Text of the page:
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Predicting calvarial morphology in sagittal craniosynostosis

Malde, O; Cross, C; Lim, CL; Marghoub, A; Cunningham, ML; Hopper, RA; Moazen, M; (2020) Predicting calvarial morphology in sagittal craniosynostosis. Scientific Reports , 10 , Article 3. 10.1038/s41598-019-55224-5. Green open access

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Abstract

Early fusion of the sagittal suture is a clinical condition called, sagittal craniosynostosis. Calvarial reconstruction is the most common treatment option for this condition with a range of techniques being developed by different groups. Computer simulations have a huge potential to predict the calvarial growth and optimise the management of this condition. However, these models need to be validated. The aim of this study was to develop a validated patient-specific finite element model of a sagittal craniosynostosis. Here, the finite element method was used to predict the calvarial morphology of a patient based on its preoperative morphology and the planned surgical techniques. A series of sensitivity tests and hypothetical models were carried out and developed to understand the effect of various input parameters on the result. Sensitivity tests highlighted that the models are sensitive to the choice of input parameter. The hypothetical models highlighted the potential of the approach in testing different reconstruction techniques. The patient-specific model highlighted that a comparable pattern of calvarial morphology to the follow up CT data could be obtained. This study forms the foundation for further studies to use the approach described here to optimise the management of sagittal craniosynostosis.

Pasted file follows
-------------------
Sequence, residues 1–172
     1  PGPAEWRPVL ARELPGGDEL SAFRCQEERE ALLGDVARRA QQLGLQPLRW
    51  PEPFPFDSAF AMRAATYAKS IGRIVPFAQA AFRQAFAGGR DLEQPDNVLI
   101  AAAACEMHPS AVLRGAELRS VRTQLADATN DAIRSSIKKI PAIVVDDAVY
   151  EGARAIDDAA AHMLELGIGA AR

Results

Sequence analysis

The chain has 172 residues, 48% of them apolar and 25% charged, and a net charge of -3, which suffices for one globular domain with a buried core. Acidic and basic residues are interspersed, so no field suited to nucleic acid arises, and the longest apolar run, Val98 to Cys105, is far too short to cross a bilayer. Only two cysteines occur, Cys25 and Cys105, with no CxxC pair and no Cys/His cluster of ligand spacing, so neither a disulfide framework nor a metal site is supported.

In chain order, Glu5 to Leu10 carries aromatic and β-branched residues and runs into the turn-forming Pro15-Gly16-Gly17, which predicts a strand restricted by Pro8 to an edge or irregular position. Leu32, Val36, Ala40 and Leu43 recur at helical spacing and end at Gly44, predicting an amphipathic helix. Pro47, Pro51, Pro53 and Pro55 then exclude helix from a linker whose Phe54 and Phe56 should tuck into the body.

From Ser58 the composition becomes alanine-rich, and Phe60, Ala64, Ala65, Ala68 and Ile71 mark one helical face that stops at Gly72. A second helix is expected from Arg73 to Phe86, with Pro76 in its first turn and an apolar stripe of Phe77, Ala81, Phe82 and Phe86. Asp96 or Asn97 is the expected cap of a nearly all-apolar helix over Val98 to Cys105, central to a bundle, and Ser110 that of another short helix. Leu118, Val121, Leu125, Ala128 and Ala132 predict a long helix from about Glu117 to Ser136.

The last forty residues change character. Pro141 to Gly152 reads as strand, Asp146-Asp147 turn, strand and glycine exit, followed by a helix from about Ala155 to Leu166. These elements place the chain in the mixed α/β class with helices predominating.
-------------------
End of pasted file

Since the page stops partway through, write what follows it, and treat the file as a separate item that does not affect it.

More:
Type: Article
Title: Predicting calvarial morphology in sagittal craniosynostosis
Open access status: An open access version is available from UCL Discovery
DOI: 10.1038/s41598-019-55224-5
Publisher version: https://doi.org/10.1038/s41598-019-55224-5
Language: English
Additional information: This is an open access article under the CC BY license (http://creativecommons.org/licenses/by/4.0/), which permits unrestricted use, distribution, and reproduction in any medium, provided the original work is properly cited.
UCL classification: UCL
UCL > Provost and Vice Provost Offices > UCL BEAMS
UCL > Provost and Vice Provost Offices > UCL BEAMS > Faculty of Engineering Science
UCL > Provost and Vice Provost Offices > UCL BEAMS > Faculty of Engineering Science > Dept of Mechanical Engineering
URI: https://discovery.ucl.ac.uk/id/eprint/10086302
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